Thursday, June 14, 2012

You're Ruining My Life!

When I called my mom tonight, instead of her usual cheerful greeting, she said, "You're ruining my life!"

Surprisingly, I'd never heard her say those words before, although I'd supplied numerous opportunities. Like when I was six and hid my best friend in my room after our parents said we couldn't have a sleepover. Within an hour, police lights lit up the streets like a Christmas tree. Or when I was seventeen and declined my mom's invitation to join her and my sisters on a sightseeing excursion while on a cross-country trip. Instead, I climbed into the back seat of a strange car filled with strange guys and rocked out to Led Zeppelin, which is where my mom found me when she returned. I could go on, but I imagine you get the picture.

"Really? I've ruined your life?" I asked, wishing I'd had a glass of wine or three before I'd called.

"Yes," she said, pausing for effect. "I can't put your book down. I absolutely love it and can't wait to see what's going to happen next. It's ruining my life because I'm exhausted and need to take a nap." The cause of my drama-queen-ness is revealed: It's hereditary! 

"I'm glad to hear this, especially since you hated the beginning." I knew hate was a strong word, but it was drama-queen delicious.

"You're right. I hated it. But, it got better after that." Okay, so maybe hate wasn't such a strong word after all. By the way, she's currently reading my latest women's fiction book-the one that took me a year to write and contains the most cathartic words I've ever penned. The story that made me cry a thousand tears, eat a million chocolate-filled calories, and wander five hundred miles from my home. Lord, I'm one, Lord I'm two, Lord I'm three, Lord I'm four, Lord I'm five hundred miles from my home...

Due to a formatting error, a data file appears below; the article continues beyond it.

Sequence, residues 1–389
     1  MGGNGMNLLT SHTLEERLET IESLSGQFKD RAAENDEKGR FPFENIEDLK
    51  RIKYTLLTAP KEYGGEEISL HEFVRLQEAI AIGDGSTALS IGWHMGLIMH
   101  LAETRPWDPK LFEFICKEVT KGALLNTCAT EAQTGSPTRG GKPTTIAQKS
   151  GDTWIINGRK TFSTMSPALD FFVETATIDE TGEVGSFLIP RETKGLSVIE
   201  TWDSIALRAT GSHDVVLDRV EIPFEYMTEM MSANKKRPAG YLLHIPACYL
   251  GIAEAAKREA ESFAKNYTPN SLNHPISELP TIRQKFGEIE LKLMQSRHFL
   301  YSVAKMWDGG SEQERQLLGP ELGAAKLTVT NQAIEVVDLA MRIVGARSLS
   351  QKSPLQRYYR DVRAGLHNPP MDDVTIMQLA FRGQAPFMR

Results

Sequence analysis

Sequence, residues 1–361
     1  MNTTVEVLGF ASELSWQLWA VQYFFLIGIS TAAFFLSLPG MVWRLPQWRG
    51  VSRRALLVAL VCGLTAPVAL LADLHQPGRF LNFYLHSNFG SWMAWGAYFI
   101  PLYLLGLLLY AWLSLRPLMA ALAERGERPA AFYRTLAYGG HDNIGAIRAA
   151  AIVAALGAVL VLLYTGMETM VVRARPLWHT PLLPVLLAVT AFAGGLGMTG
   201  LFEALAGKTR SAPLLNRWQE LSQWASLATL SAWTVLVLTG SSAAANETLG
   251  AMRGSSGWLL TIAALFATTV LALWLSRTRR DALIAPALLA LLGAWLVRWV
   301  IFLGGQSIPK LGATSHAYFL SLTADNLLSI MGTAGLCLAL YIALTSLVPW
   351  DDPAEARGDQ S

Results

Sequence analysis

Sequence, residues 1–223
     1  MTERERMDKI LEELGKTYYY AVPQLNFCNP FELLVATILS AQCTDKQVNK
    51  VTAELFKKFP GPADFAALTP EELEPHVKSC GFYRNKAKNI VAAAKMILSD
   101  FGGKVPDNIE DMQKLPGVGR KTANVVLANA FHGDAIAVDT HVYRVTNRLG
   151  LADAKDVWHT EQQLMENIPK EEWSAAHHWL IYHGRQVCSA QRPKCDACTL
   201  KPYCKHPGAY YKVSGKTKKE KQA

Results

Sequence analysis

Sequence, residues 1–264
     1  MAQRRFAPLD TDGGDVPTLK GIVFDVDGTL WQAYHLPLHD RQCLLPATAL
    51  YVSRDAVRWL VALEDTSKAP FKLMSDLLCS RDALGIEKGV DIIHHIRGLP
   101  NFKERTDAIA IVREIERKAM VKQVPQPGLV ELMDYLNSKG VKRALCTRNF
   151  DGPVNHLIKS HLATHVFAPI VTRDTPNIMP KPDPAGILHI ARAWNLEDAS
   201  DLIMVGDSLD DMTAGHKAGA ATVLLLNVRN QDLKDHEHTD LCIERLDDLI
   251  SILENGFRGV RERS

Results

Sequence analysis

"Glad you like it, Mom. And, sorry. I didn't mean to ruin your life. I hope you'll forgive me."

"I already have. You are such a gifted writer." Another pause. "I'm so proud of you."

Tears filled my eyes, which was dangerous given I was driving.

Fame, fortune, and literary recognition are all well and good. But, you know what? For me, hearing a comment like this from one of the people I love most in this world is the ultimate definition of success. 

What about you? What's your definition of success?

10 comments:

Julie said...

As a person about to embark on the self-publishing adventure, I'd have to say that success is looking around and seeing the amount of people who are rooting for me. A coworker teared up when she saw the proof of my book. My friends are stashing my bookmarks into books at stores they go to. So many people are invested in what has been a largely solitary journey, not because all have read the book (though many have), but because they care about me and know just how hard I've worked to get here. Whatever the book does out in the world, success is the humbling feeling of being loved. And FYI, I kinda love you!

fellow-ette said...

Beautiful post! I can't wait to read your book.

Debra Lynn Lazar said...

Julie, I'm so happy for you - I feel like a proud sister. Indeed, there are many of us cheering you on! (And, no, I won't drag out my old cheerleading uniform to prove it!) Can't wait to get my hands on my very own copy of "The Wildwood!"

Debra Lynn Lazar said...

Sarah, I can't wait for you to read it. ;-))

Kristie Cook said...

Aw, now I have tears in my eyes. At least I'm not driving. Such a sweet post. Do we ever grow out of wanting to make our parents proud? I don't think so.

Debra Lynn Lazar said...

Kristie, No, I don't think we do. I hope I didn't make you cry too hard. ;-)

fudgelady said...

Congrats from a lurker (grabbing Kleenex...) :-)

Debra Lynn Lazar said...

FL, No need for tears! It's all good. ;-)

Jemi Fraser said...

Love this story! Your mom sounds awesome! What a thrill that must have been - congrats :)

Debra Lynn Lazar said...

Jemi, It was awesome. Nothing beats kudos from those you love most.

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